Charles knew he would be at a big disadvantage in this battle. But he also knew he would not have to worry about tanks and that he mostly needed to focus on stopping infantry. Accordingly Charles went with a Trained Infantrie Companie to get as many troops as he could for his 1250pts. Charles took just the minimum two required Infantrie combat platoon, but backed them up with three HMG platoons! Two with 4 x HMGs, one with 3 x HMGs. 11 HMGs is a lot to face for infantry in the open and I wonder if Don and I would be able to close for the assault at all in this battle.

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Charles' defending Germans mit becoup and swanzig machine guns!!!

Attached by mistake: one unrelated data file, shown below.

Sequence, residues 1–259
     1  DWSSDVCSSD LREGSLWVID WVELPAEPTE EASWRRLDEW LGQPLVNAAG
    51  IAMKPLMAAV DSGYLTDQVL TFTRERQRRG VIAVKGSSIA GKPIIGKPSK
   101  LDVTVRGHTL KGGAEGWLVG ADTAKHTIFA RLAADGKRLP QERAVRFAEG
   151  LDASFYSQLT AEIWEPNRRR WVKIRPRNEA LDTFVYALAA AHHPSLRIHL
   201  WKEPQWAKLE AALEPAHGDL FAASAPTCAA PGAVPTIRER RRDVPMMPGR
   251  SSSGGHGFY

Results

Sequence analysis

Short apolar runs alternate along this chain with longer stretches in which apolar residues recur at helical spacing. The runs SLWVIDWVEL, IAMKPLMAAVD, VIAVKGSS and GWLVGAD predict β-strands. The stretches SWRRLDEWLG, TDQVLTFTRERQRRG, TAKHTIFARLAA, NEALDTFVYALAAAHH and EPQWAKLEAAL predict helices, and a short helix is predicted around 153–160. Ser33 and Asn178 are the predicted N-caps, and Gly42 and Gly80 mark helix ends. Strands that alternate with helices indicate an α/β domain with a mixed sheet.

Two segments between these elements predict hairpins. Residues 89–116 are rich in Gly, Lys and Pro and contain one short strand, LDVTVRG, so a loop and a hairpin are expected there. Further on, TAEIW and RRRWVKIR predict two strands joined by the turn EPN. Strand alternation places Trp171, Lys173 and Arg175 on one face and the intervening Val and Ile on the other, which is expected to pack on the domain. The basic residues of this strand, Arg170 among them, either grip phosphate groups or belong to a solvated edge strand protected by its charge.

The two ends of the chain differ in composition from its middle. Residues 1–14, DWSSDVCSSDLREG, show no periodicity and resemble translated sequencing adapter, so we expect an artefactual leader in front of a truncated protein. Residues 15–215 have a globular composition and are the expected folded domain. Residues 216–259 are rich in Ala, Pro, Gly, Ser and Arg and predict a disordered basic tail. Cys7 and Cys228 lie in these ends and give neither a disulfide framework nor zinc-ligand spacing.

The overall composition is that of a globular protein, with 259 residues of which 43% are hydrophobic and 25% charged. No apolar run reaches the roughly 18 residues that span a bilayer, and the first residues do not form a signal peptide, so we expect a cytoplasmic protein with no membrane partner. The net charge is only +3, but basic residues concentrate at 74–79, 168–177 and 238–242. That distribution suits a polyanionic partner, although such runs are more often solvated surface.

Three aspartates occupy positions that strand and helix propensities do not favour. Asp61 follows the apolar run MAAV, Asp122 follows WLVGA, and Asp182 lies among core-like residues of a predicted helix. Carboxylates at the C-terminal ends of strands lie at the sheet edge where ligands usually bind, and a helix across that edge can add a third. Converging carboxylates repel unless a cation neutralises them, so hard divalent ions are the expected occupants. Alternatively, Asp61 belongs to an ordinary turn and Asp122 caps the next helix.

The gaming area "B3" is a mostly empty zone bisected by the Cachy to Monument Woods road. It had already had a battle fought in it previously and since the scenario included a preliminary British artillery bombardment we made the terrain open but battle torn.

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The battlefield with the German deployment area on the left and the Australians on the right.

Charles deployed his infantry and HMGs forming a single solid line across the whole table. Nothing was in reserve. Don similarly had to cram in a lot of troops on a very narrow frontage, but he more heavily weighted his right and center.